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Prognosis, Incidence, and Management of Tall Cell Variant Papillary Thyroid Carcinoma. Trinithas Boyi, MA1; S. Lynn Sigurdson, PhD2; William J Magner, PhD2; Ryan P McSpadden, MD2; Vishal Gupta, MD2. 1Jacobs School of Medicine & Biomedical Sciences; 2Roswell Park Comprehensive Cancer Center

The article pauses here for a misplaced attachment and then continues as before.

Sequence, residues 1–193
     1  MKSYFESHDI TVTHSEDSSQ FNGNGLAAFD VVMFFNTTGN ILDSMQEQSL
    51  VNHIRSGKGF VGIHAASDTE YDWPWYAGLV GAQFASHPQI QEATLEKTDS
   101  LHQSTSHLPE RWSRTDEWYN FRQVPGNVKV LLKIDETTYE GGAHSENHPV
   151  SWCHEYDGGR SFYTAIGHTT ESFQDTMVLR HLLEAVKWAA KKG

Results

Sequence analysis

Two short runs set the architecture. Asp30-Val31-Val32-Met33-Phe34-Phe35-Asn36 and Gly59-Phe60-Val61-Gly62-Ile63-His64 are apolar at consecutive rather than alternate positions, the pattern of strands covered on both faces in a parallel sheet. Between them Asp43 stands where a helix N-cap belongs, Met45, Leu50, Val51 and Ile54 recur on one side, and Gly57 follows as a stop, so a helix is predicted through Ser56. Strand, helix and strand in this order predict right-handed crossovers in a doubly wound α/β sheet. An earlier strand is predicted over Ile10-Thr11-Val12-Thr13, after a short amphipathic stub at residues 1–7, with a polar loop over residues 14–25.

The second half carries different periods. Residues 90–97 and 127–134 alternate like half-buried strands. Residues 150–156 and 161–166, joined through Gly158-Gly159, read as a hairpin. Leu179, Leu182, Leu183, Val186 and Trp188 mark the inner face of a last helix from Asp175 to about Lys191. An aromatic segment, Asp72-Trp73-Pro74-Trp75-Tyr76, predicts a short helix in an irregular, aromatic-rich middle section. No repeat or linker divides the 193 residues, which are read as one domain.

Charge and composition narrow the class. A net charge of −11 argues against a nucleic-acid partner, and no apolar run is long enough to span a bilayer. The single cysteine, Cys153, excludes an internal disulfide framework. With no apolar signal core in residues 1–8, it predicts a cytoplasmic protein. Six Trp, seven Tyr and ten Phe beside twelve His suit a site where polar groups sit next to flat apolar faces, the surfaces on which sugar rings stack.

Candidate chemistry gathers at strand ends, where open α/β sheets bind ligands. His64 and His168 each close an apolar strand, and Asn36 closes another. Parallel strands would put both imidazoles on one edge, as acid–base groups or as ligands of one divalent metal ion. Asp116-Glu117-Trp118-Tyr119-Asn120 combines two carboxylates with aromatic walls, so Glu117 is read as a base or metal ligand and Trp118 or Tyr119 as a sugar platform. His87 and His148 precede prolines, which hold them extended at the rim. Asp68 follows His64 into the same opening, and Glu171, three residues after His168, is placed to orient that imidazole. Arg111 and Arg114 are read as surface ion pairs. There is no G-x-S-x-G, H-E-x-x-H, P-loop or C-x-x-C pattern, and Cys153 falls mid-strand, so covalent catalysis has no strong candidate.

Well-differentiated papillary thyroid carcinoma (PTC), the most common endocrine malignancy, exists in multiple variants. Classical, conventional variant, follicular variant, and clear cell variant papillary thyroid tumors confer a low risk of metastasis or recurrence and have a good prognosis. PTC less than 1 cm in size are papillary thyroid microcarcinoma and confer a more benign phenotype. More aggressive and infrequent variants such as diffuse sclerosing variant (DSV), tall cell variant (TCV), columnar cell variant (CCV), solid variant (SV), or hobnail variant (HV), however, have a poor prognosis. Among these aggressive PTC variants, TCV is the most common. As its name suggests, tall cells distinctively have a height at least three times their width. TCV classification is ascribed to papillary thyroid tumors with 10-75% tall cells or tall cell features. The incidence for TCV is still under investigation and is cited to range from 1.3% to 13% of PTC. To diagnose papillary thyroid carcinoma, biopsy or cytology is typically done. Based on the findings, active tumor surveillance via ultrasound or thyroglobin levels, and or intervention is recommended. Accurate assessment of these variant pathologies is critical to treatment planning since the variants differ in their aggressiveness and prognosis. In this retrospective cohort study of our Roswell Park NCI-designated Comprehensive Cancer Center PTC patient population, we determined our TCV PTC incidence to be 13%, which is at the upper limit of the nationally reported TCV rate. Furthermore, we examined demographic, clinical, pathological, and radiological data to identify risk factors associated with the elevated incidence. Assessment of pathological staging of TCV compared to non-TCV PTC variants showed that TCV patients have more advanced staged disease at diagnosis (p=0.01). Microcarcinoma was less frequent among tall cell variant pathology, consistent with the aggressive nature of TCV PTC compared to the classical variant microcarcinoma (p<0.024). However, when diagnosed with tall cell variant of microcarcinoma, we manage it more aggressively which includes total thyroidectomy instead of lobectomy and potentially assessment for I131 treatment. Overall, the results of this study have the potential to have major implications in our practice and understanding of the incidence, prognosis, and management of TCV and microcarcinoma papillary thyroid carcinoma.